Did you know?
Only 120km south-west of Johannesburg, lies the Vredefort dome – the oldest and largest (visible) impact structure on earth. This impact structure or astrobleme dates back 2 billion years, when a meteor + -10km in diameter (about the size of table mountain) disrupted the earths surface in a devastating way. Some scientists list the impact as the “world’s greatest known single energy release event“, with enough force to bring about massive evolutionary changes. On impact it forced layers of rock outwards and downwards to form three rims of crumpled ridges that today stretch as far as Johannesburg and into the North West province. At the time, about 70 cubic kilometers of rock would have been vaporised.
It is believed that the Vredefort Dome impact event caused granite and gold to be forced to the surface, and allowed for gold to be found in Johannesburg.
It is revered by many as an important site as it provides critical evidence of the Earth’s geological history and is crucial to our understanding of the evolution of the planet. The crater stretches from Johannesburg to Welkom, with a radius of 190km or more, and is the only example of an impact site to show a full geological profile of an astrobleme below the crater floor, where most other accounts have most probably been eroded by gradual geological earth activities. Within the area, geological strata (granitic gneiss rock) comprising the middle to upper zones of the earth’s crust, developed over a period of more than 3 200 million years are exposed.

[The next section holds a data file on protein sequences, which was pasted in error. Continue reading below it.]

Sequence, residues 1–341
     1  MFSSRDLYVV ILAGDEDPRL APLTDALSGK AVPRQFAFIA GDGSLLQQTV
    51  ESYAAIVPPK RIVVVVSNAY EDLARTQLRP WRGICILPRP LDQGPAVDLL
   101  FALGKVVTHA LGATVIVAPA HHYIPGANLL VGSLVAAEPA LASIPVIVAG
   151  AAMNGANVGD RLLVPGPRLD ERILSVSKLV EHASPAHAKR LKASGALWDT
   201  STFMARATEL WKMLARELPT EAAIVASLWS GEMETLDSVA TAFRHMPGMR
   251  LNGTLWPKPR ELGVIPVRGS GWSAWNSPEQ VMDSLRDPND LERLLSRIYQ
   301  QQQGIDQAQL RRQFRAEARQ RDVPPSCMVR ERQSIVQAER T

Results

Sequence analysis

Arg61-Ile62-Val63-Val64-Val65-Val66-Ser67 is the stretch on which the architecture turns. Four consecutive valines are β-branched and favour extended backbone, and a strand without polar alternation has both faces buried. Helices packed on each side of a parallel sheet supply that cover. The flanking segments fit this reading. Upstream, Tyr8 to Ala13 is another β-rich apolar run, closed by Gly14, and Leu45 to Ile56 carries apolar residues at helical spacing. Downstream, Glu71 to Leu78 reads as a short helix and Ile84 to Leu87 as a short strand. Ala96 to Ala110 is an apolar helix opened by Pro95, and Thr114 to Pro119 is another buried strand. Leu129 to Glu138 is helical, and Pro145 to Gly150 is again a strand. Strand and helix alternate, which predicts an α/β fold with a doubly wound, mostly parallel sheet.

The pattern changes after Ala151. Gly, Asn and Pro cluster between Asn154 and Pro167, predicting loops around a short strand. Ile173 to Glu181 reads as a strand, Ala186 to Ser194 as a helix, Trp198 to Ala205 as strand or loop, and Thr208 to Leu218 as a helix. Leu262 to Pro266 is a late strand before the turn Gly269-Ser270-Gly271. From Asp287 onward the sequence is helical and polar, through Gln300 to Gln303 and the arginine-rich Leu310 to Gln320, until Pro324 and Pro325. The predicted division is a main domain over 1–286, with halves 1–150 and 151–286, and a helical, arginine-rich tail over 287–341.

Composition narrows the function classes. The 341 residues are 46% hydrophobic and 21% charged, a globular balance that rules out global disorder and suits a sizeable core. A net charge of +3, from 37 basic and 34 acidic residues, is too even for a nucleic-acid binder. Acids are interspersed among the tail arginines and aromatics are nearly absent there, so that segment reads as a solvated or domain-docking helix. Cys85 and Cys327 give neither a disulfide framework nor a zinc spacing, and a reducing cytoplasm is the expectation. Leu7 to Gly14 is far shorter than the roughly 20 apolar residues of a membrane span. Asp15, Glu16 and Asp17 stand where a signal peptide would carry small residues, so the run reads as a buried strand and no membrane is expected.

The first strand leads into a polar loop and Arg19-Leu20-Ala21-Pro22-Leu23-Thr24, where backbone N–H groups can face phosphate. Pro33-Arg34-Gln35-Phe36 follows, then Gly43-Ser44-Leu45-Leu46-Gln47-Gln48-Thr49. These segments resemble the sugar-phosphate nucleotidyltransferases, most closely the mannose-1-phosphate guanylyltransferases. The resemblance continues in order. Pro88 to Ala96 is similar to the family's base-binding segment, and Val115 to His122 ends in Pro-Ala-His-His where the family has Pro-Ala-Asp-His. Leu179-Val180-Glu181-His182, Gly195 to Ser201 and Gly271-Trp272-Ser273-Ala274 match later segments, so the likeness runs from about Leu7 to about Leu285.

It’s difficult to understand and view the Vredefort Dome Impact. The total size of the crater can only be seen from space, but from certain view spots, and when driving into Parys (the nearest town to the the dome), you can get an idea of it, and just how massive the Vredefort Dome Impact site actually is.
For ages geologists couldn’t see eye to eye on what caused the phenomenon. After many years of debate, scientists agreed that this area was formed by a meteorite and not volcanic activity. Some evidence of the impact can be seen at a quarry at Leeukop near Parys. In the image above, you can see a cross-section of rock. The pale and medium hue’s of grey are the natural granite colour, but the dark grey band is granite that was melted by the impact which flowed, and carried chunks of unmelted granite with it. Shatter cones found in various sites, also add to the proof of a meteor impact. Shatter cones are shockwaves through the underlying rock, left behind as a result of the impact. They have a characteristic “fir tree” like pattern.
The Vredefort Dome has been listed as a Unesco World Heritage Site, but still needs to be proclaimed a South African National Heritage Site before it’s world status can be declared by Unesco.
As a resullt of the Impact, the vegetation, climate, and landscape are truelly unique and beautiful. The Vaal River that flows through this fertile land is also one of the oldest rivers on Earth. You get a sense that you’re walking in the original garden of eden – a true land before time. The Vredefort Dome is also recognised for having over 450 different species of birds and rare animals such as rooikat, aardwolf, leopard, and the endangered rock dassie. It’s an incredibly beautiful place to explore, and those wanting to view various meteor sites are recommended to go with an experienced guide. You’re bound to be impressed.
If you are interested in a Vredefort Dome Impact tour, River Walks, Rafting Trips, Hiking Trails as well as Mountain Bike Trails, please fill in the form below: